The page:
The delay of the US chip law angers Intel that threatens to produce more in Europe

That Europe has taken the lead over the US in terms of regulation and future production of chips is well known. It was last February when the call was initialed European Union Chip Law by 2030. The objective is none other than not to depend on China -producer of more than three quarters of chips in the world- and to a lesser extent on the US. The bet is ambitious: an investment of 45 billion euros over 8 years and juicy contracts with giants such as Intel, TSMC and Samsung to create a fab of gigantic significance. But what role does the US play in all this?

The country’s situation in this field is more cloudy than clear. Asia, of course, has and will continue to have a key leadership in chip production at least in the medium/long term until the EU dream comes true. Nevertheless, the US chip law itself seems to be encountering more pitfalls than it anticipatedat least that is what Pat Gelsinger, the CEO of Intel, has declared, who has even dropped that said law may not see the light of day, at least in the short term.

Intel has deferred construction of what was to be a $20 billion megafab in Ohio. What could place the North American giant behind the Chinese and European positions. The reason is the dissatisfaction of Intel in the lack of approval of the 52 billion dollars in subsidies necessary for the manufacture of semiconductors. Therefore, Intel could choose to give priority to its project in the old continent compared to American aspirations. “The rest of the world is moving quickly despite the inability of Congress to end this issue,” Gelsinger has come to declare.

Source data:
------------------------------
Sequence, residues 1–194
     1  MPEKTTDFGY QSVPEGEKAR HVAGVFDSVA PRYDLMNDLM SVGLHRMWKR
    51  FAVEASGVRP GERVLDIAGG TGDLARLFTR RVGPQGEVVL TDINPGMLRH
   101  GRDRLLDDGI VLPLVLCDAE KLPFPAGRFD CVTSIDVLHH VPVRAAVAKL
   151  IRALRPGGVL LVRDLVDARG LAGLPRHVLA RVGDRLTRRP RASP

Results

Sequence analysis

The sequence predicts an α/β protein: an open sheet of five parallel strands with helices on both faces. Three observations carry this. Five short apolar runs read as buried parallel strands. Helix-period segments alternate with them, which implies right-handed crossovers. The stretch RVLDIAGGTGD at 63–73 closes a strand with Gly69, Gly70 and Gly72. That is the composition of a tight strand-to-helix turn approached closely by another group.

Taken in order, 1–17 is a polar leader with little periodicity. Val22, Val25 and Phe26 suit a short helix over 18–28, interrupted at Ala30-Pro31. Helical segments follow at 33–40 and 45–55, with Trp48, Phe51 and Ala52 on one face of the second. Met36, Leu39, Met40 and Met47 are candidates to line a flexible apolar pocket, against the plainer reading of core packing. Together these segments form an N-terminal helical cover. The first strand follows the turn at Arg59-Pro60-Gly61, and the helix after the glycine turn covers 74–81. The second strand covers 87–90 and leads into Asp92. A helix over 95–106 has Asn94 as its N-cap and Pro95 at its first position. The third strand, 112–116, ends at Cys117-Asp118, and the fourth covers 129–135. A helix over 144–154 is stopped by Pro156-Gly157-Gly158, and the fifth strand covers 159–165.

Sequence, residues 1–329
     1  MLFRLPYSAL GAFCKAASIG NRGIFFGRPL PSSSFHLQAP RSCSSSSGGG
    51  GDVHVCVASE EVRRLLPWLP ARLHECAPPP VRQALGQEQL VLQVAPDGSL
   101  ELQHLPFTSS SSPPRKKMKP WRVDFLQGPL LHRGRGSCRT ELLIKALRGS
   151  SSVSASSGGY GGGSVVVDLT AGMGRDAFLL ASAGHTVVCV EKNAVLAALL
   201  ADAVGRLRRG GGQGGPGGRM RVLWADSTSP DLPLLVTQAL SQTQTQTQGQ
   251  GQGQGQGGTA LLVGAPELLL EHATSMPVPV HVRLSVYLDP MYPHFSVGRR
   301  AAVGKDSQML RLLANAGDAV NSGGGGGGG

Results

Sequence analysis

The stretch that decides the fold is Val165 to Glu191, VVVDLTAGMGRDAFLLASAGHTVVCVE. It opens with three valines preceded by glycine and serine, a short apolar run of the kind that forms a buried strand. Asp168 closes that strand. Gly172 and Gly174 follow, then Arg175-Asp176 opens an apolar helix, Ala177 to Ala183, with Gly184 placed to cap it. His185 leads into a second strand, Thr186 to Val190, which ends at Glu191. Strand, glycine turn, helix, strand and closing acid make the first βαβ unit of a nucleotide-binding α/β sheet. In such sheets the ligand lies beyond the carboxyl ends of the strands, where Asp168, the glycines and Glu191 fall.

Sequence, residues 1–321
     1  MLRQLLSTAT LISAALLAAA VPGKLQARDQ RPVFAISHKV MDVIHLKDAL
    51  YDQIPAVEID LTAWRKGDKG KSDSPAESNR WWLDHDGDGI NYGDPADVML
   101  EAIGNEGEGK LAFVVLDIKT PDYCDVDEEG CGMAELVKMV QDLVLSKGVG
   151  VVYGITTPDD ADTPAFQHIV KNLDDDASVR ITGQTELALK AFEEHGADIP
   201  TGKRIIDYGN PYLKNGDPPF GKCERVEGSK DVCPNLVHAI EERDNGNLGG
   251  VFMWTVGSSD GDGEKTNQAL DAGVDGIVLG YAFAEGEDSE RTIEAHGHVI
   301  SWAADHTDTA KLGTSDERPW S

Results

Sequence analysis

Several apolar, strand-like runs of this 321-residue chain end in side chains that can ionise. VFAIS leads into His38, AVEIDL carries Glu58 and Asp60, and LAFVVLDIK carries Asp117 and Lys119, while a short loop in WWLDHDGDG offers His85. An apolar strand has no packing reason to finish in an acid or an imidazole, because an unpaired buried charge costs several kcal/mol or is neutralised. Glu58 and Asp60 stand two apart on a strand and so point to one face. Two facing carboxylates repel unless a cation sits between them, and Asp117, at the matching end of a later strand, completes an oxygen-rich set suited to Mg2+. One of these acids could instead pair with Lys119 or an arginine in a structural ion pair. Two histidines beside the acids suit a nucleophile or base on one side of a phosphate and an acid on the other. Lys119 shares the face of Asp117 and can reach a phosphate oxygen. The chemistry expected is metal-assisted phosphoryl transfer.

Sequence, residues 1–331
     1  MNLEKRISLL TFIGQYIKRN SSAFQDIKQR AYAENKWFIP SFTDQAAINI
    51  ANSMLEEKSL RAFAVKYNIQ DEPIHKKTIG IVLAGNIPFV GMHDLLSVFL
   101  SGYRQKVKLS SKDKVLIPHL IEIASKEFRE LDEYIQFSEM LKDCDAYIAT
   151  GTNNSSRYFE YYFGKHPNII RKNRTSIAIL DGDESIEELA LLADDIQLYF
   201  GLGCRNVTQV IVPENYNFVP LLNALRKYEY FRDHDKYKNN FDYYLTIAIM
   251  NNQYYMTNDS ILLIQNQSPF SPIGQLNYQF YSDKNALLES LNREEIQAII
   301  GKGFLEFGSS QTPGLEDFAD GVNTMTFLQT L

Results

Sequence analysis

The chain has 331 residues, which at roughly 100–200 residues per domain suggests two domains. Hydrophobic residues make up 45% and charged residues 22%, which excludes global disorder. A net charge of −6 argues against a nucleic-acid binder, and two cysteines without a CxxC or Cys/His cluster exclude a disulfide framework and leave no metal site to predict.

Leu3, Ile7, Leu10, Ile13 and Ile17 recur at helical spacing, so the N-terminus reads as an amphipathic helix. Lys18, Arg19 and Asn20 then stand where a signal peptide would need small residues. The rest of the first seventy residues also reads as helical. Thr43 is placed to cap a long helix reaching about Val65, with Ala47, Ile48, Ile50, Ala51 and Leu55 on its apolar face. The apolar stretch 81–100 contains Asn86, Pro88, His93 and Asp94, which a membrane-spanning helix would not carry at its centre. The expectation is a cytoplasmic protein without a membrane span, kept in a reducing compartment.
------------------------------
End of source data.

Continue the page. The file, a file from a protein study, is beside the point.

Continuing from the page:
The delay of the US chip law angers Intel that threatens to produce in Europe

Intel threatens to produce in Europe and not in the US

And it is that US legislators continue to disagree or at least not pay all the attention that, according to Intel, the issue requires. Since they would be absorbed in other economic and social issues that would in turn be preventing or rather distracting the country’s legislators regarding the long-awaited US chip law.

Nevertheless, Gelsinger does not give up and continues to pressure Congress for the approval of the so-called United States Competition and Innovation Actalso known as the America COMPETES Act, which includes the Fund for the creation of useful incentives to produce semiconductors, that is, chips.

Although at first everything seemed to be progressing at a good pace, the disagreements and the apathy of the US Senate and Congress are causing said law to remain fallow and remain unofficial. “It is a crucial moment, if we do not act now… Please, do not hesitate in Congress for partisan issues,” Gelsinger declared in front of the media, issuing a warning to the country’s politicians.

It goes without saying that the US, like Europe, it also needs chip factories to deal with future crises like the current one that could endanger the global supply chain. In this regard, the EU has taken the lead. Among the projects, an investment of 6,800 million euros stands out for an Intel factory in Germany.

Public-private collaboration is important to carry out projects of this magnitude. In fact, government subsidies are and will be essential to open plants in Europe, India and South Korea, being able to oscillate between 30 and 50% of the total cost of the project. In China, the figure reaches even 70%.

With the US chip law, it is estimated that each factory will receive up to 3 billion dollars in subsidies. Without this capital, according to Gelsinger, the Ohio plant, for example, would not be “economically viable.” for now, Intel’s CEO has given Congress until August and Intel will decide whether to produce its future chips in the US or on European soil.

Related Articles

Leave a Reply

Your email address will not be published. Required fields are marked *